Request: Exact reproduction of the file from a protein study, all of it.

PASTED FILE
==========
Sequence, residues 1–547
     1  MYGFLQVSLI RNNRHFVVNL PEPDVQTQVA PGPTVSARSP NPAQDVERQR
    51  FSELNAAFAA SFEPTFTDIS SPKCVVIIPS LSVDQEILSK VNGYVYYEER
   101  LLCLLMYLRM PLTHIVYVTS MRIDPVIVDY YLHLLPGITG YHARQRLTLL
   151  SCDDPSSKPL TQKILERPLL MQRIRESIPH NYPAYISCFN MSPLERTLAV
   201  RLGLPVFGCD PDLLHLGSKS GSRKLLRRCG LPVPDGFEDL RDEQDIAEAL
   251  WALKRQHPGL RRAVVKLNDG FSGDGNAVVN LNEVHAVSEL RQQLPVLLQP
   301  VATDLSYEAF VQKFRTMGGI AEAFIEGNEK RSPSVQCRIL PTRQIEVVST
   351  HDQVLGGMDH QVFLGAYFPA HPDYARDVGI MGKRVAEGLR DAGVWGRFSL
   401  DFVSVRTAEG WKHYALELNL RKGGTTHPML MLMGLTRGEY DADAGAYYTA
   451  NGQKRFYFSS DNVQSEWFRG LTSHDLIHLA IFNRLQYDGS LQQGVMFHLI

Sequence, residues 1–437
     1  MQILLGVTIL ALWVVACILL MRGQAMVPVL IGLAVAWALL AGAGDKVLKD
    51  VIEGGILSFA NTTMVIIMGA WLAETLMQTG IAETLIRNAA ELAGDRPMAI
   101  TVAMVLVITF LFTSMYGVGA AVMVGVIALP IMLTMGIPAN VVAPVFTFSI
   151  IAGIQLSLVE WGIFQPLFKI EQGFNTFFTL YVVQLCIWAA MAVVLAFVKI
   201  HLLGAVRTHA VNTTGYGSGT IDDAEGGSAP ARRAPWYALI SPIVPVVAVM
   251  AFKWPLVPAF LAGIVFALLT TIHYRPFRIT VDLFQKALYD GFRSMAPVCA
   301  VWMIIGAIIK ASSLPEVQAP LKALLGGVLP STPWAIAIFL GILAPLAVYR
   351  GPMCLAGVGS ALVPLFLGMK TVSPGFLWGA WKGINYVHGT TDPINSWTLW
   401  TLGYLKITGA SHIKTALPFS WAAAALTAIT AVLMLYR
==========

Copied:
Sequence, residues 1–547
     1  MYGFLQVSLI RNNRHFVVNL PEPDVQTQVA PGPTVSARSP NPAQDVERQR
    51  FSELNAAFAA SFEPTFTDIS SPKCVVIIPS LSVDQEILSK VNGYVYYEER
   101  LLCLLMYLRM PLTHIVYVTS MRIDPVIVDY YLHLLPGITG YHARQRLTLL
   151  SCDDPSSKPL TQKILERPLL MQRIRESIPH NYPAYISCFN MSPLERTLAV
   201  RLGLPVFGCD PDLLHLGSKS GSRKLLRRCG LPVPDGFEDL RDEQDIAEAL
   251  WALKRQHPGL RRAVVKLNDG FSGDGNAVVN LNEVHAVSEL RQQLPVLLQP
   301  VATDLSYEAF VQKFRTMGGI AEAFIEGNEK RSPSVQCRIL PTRQIEVVST
   351  HDQVLGGMDH QVFLGAYFPA HPDYARDVGI MGKRVAEGLR DAGVWGRFSL
   401  DFVSVRTAEG WKHYALELNL RKGGTTHPML MLMGLTRGEY DADAGAYYTA
   451  NGQKRFYFSS DNVQSEWFRG LTSHDLIHLA IFNRLQYDGS LQQGVMFHLI

Sequence, residues 1–437
     1  MQILLGVTIL ALWVVACILL MRGQAMVPVL IGLAVAWALL AGAGDKVLKD
    51  VIEGGILSFA NTTMVIIMGA WLAETLMQTG IAETLIRNAA ELAGDRPMAI
   101  TVAMVLVITF LFTSMYGVGA AVMVGVIALP IMLTMGIPAN VVAPVFTFSI
   151  IAGIQLSLVE WGIFQPLFKI EQGFNTFFTL YVVQLCIWAA MAVVLAFVKI
   201  HLLGAVRTHA VNTTGYGSGT IDDAEGGSAP ARRAPWYALI SPIVPVVAVM
   251  AFKWPLVPAF LAGIVFALLT TIHYRPFRIT VDLFQKALYD GFRSMAPVCA
   301  VWMIIGAIIK ASSLPEVQAP LKALLGGVLP STPWAIAIFL GILAPLAVYR
   351  GPMCLAGVGS ALVPLFLGMK TVSPGFLWGA WKGINYVHGT TDPINSWTLW
   401  TLGYLKITGA SHIKTALPFS WAAAALTAIT AVLMLYR